Betina: What color Missoni headband did you want? You are so black and grey (in a very good way) that I have no idea which color you have fallen in love with. I had a serious crush on a Missoni knee length skirt once It was brown oc.

Misstarsunshine: I don't know if this is for you, but there is a female author who talks about her "10 item wardrobe" on youtube. She doesn't litteraly only have 10 pieces, but her entire wardrobe is centred around 10 key pieces. I think she has 2 young kids, and she has lived in Paris. Maybe she will inspire you? Her name is Jennifer Scott and she wrote a book called "Lessons from Madame Chic". The entire content is on youtube, so it is free

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Last edited by eizhowa; 3 Weeks Ago at 08:52 AM.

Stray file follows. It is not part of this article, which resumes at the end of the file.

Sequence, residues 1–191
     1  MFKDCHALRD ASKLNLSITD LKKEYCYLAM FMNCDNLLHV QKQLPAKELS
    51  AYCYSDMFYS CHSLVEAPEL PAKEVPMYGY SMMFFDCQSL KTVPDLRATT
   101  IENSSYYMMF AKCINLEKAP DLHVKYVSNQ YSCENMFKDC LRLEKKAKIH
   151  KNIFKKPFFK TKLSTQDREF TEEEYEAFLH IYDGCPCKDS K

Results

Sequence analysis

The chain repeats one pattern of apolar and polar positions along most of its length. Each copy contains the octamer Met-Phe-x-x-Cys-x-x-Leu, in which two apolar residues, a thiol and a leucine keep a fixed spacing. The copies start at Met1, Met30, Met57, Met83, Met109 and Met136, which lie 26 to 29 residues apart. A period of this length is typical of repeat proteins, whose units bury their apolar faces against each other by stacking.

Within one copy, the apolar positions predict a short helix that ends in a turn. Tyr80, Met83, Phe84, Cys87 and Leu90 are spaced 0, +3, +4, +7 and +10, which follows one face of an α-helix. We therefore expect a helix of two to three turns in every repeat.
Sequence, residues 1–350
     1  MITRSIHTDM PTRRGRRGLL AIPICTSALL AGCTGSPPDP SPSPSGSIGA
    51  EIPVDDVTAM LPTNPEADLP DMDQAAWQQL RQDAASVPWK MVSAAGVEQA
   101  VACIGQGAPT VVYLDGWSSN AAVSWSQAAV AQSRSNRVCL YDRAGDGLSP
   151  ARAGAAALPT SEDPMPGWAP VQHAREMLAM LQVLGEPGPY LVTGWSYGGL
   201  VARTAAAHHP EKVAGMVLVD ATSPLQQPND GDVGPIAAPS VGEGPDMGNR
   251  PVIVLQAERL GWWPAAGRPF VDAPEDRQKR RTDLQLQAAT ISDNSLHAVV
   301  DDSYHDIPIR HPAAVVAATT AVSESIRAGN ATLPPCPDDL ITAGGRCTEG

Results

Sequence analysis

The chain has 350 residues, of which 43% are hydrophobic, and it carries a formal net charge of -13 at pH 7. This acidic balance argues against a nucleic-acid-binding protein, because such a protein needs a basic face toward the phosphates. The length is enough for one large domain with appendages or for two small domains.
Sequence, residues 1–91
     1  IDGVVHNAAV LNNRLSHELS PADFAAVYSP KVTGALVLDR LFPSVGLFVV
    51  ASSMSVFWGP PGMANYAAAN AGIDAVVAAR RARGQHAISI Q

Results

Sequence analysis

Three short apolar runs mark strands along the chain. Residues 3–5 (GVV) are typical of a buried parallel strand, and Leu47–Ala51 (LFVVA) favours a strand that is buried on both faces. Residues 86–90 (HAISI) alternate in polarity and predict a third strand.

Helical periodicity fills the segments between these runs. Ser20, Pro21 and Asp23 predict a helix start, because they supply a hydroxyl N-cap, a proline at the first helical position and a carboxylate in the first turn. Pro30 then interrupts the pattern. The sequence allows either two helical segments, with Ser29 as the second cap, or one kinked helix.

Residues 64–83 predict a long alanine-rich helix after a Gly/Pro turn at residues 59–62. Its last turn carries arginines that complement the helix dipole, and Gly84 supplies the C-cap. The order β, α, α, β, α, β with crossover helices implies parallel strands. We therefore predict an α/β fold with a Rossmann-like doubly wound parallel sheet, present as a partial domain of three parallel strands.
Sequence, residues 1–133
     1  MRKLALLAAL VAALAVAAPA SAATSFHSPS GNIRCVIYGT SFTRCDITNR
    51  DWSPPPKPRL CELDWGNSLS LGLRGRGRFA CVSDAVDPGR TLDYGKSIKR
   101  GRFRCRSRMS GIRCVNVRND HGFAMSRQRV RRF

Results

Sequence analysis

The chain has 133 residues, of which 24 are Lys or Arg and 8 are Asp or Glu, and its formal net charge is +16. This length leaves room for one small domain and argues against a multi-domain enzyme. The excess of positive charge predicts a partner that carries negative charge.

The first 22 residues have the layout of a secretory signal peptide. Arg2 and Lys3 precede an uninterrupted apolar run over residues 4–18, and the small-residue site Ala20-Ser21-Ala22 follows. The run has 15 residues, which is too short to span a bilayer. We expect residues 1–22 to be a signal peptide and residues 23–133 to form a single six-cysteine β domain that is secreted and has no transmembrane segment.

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To be honest, I didn't find the Parisians that special style-wise. I think the whole French-look is very overhyped. Not to mention the attitude the average Parisian has that overshadows any kind of chicness. I'm not a big fan of Paris, in case you haven't noticed. Not meaning to scare you Misstarsunshine, most people don't share my opinion.

bentinapple, I'm curious as well. They usually use different shades of one color in one garment which makes it look less solid and therefor less colorfull (imo), maybe that makes the difference eizhowa. I found a great navy Missoni blazer when looking for a knitted blazer, above my budget though.

The Dries van Noten cardigan and tee I ordered are on their way. They'll both inject some more color into my s/s wardrobe (the cardigan is green/yellow striped and the tee had a green army/animal print).